The opinion of the court was delivered by: LORD
This opinion arises from plaintiffs' motion for a new trial. The fact situation is somewhat unusual. Plaintiffs, Anna and Doris Bowman, mother and daughter, had arranged to increase their insurance with defendant company. Accordingly, defendant sent Thomas Bruno, a field underwriter, to plaintiffs' home to verify the medical history given in their applications and to evaluate the insurance risk. Defendant furnished Bruno with a bathroom scale and the application cards previously signed by the plaintiffs. When Bruno was admitted by Mrs. Bowman, he was carrying the scale in a small physician's bag. He introduced himself as Dr. Bruno and informed Mrs. Bowman he was defendant's doctor and had come to examine both her and her daughter. Bruno thereupon made a brief but intimate examination of both plaintiffs, ostensibly for hernia, one of the items dealt with in the application cards. At no time did Bruno depart from his professional masquerade and make any indecent remarks or suggestions to either plaintiff, nor was the examination attended by any immediate ill effects upon the Bowmans. However, when they learned a few days later of the fraud practiced on them, they experienced considerable physical and emotional disturbances.
Suit was brought on two theories: one that defendant's negligence in hiring Bruno and in failing to warn plaintiffs that he was not a physician caused their injury; the other that defendant was liable as Bruno's principal. At the first trial, the Court ruled that there was no proof of negligence, and the case went to the jury on the issue of vicarious liability. A verdict was returned for defendant, and plaintiffs appealed.
While agreeing with the trial court that defendant was not negligent, the Court of Appeals ordered a new trial because of the misstatement of Pennsylvania law on vicarious liability in the instruction to the jury. 3 Cir., 1957, 243 F.2d 331. The trial court had charged that Bruno's conduct had to be at least in part for the benefit of his employer at the time of the act complained of if plaintiff was to recover. Relying principally on the case of Robert Howarth's Sons, Inc., v. Boortsales, 1939, 134 Pa.Super. 320, 3 A.2d 992, involving an agent who was acting against, not for, his principal's interest, but who had been armed by his principal with the means of perpetrating a fraud, the Court of Appeals held that plaintiffs could recover notwithstanding that Bruno was acting solely on his own behalf at the time of the offensive acts.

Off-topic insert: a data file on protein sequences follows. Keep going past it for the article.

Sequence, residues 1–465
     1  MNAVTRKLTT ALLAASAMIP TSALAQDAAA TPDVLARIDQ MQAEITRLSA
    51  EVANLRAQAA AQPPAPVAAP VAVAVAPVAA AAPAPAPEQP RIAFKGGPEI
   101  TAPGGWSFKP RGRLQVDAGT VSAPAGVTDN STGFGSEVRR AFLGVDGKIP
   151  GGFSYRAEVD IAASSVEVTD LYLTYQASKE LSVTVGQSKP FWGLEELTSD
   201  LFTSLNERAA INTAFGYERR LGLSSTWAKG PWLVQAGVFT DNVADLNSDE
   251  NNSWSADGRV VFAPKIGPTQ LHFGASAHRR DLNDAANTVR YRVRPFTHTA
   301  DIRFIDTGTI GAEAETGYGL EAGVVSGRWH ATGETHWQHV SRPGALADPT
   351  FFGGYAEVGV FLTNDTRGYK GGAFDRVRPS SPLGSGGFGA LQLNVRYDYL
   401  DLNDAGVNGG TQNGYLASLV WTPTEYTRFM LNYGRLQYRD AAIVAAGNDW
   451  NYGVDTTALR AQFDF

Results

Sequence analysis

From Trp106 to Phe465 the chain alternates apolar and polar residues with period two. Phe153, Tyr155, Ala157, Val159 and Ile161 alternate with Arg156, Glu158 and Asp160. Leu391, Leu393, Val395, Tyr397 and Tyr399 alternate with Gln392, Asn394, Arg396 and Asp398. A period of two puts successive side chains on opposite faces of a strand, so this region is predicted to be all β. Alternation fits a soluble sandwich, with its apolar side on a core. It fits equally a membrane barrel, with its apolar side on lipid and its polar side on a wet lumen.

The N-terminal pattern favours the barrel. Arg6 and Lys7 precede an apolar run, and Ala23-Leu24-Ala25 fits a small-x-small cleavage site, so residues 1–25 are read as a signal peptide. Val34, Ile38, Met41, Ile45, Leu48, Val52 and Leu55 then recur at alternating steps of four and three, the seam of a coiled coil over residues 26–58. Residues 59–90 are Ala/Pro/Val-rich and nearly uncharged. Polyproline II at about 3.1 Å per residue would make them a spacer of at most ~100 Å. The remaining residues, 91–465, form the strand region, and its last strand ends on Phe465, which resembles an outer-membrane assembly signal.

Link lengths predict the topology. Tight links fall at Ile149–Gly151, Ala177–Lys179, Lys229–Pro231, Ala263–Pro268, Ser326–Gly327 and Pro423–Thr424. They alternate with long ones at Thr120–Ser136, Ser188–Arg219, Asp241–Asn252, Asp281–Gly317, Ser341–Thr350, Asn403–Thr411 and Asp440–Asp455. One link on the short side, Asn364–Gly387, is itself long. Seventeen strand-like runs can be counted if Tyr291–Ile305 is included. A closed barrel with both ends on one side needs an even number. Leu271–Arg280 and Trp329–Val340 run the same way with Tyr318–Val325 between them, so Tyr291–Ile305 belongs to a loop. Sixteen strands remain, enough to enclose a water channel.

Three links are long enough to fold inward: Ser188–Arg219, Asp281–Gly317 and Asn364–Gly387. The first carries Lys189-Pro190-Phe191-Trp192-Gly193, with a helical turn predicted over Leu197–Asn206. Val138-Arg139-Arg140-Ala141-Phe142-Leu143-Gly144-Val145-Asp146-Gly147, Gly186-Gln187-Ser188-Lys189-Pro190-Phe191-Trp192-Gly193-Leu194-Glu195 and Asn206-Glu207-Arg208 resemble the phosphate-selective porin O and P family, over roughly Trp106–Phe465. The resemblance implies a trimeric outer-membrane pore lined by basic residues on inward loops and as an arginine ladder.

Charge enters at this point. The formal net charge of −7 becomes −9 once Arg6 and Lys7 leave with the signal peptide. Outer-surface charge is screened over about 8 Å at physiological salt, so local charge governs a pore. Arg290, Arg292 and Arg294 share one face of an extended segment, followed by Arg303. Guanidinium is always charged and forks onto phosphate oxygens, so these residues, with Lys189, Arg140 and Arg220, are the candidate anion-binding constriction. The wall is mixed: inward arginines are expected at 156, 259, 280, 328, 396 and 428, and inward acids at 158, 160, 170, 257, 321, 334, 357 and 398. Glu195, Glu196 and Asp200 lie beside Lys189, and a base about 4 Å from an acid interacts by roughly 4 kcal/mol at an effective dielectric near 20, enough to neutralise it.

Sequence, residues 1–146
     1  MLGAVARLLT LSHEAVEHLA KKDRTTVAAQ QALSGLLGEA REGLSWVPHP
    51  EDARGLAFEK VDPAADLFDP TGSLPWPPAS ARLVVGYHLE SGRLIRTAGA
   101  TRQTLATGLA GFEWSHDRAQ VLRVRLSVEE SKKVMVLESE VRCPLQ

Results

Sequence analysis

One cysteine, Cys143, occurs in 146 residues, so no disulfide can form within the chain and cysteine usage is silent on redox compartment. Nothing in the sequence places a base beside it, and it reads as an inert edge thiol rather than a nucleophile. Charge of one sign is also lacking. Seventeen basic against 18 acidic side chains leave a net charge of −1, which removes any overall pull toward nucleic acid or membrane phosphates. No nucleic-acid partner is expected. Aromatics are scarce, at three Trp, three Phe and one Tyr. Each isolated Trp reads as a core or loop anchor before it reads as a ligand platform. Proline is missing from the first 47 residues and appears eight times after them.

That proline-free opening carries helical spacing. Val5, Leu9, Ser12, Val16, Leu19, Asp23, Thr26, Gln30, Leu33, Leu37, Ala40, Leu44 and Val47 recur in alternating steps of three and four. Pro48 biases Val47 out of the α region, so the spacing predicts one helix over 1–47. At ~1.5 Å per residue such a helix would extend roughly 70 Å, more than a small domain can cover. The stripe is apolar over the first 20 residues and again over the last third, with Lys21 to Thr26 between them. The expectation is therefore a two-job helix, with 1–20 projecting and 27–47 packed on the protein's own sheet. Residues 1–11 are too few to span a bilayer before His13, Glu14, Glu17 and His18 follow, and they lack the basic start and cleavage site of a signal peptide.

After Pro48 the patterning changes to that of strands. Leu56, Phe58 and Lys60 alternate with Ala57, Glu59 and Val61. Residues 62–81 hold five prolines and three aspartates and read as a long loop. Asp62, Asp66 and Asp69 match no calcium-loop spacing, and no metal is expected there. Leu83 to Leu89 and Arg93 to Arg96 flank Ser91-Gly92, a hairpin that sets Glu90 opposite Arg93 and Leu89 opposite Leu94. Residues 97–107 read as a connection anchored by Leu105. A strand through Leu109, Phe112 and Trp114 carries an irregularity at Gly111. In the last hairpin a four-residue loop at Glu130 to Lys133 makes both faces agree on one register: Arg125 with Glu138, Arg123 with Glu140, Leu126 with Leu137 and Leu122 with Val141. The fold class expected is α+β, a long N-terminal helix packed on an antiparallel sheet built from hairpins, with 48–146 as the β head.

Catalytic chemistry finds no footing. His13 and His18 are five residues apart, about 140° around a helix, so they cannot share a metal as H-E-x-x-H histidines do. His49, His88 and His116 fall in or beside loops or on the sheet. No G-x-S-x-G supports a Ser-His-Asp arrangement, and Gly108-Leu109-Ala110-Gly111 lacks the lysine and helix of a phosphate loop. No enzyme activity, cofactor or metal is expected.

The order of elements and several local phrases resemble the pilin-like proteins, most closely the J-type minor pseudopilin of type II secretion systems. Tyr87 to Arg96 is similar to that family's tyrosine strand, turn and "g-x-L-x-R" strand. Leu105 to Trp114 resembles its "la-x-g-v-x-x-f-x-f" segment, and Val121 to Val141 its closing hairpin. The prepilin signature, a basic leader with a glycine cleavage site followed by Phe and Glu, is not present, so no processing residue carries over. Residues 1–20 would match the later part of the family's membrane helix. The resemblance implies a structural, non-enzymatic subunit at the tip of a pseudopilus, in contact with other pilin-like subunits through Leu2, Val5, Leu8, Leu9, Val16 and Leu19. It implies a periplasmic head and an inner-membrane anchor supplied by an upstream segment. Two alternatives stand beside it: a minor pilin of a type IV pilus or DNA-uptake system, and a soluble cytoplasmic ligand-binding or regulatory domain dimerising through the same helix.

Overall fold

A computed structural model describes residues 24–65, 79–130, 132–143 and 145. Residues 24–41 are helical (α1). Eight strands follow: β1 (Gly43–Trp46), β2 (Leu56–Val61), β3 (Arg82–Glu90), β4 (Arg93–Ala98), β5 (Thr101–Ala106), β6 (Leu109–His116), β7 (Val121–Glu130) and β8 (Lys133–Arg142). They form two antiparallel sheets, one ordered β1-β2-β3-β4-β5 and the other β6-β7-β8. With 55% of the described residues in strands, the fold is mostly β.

The Court of Appeals also cited §§ 261 and 262 of the Restatement, Agency (1933) as applicable to this situation.
' § 261. Agent's Position Enables him to Deceive.
'A principal who puts an agent in a position that enables the agent, while apparently acting within his authority, to commit a fraud upon third persons is subject to liability to such third persons for the fraud.
' § 262. Agent Acts for His Own Purposes.
'A person who otherwise would be liable to another for the misrepresentations of one apparently acting for him, under the rule stated in § 261, is not relieved from liability by the fact that the apparent agent acts entirely for his own purposes, unless the other has notice of this.'
At the second trial, the case was again submitted to the jury on the question of vicarious liability and again there was a verdict for defendant. The sole question presented by plaintiffs' motion for a new trial is the correctness of the following portion of the Court's charge:
'Therefore, if the agent Bruno, in representing himself as a physician authorized to perform medical examinations was acting in such a manner that his fraud should have been apparent to a person of ordinary prudence in the exercise of reasonable diligence to avoid offensive bodily contact, then the plaintiffs cannot recover.'
The plaintiffs argue that the only question that should have been submitted to the jury was whether they were in fact deceived, not whether they were required to exercise reasonable diligence.
This Court cannot concede that such challenge to the instruction has any basis in Pennsylvania law. To the contrary, the decisions in this Commonwealth seem to follow the Restatement, Agency (1933) which says:
' § 266. Physical Harm Caused by Reliance upon Representations.
'A purported principal or master is subject to liability for physical harm caused to others or to their belongings by their reasonable reliance upon the tortious representations of one acting within his apparent authority ...